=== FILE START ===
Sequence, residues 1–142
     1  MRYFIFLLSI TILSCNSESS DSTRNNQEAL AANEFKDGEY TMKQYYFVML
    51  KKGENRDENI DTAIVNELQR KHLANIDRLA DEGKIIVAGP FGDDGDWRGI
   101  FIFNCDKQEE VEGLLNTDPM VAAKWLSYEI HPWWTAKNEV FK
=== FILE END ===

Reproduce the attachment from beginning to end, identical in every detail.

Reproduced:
Sequence, residues 1–142
     1  MRYFIFLLSI TILSCNSESS DSTRNNQEAL AANEFKDGEY TMKQYYFVML
    51  KKGENRDENI DTAIVNELQR KHLANIDRLA DEGKIIVAGP FGDDGDWRGI
   101  FIFNCDKQEE VEGLLNTDPM VAAKWLSYEI HPWWTAKNEV FK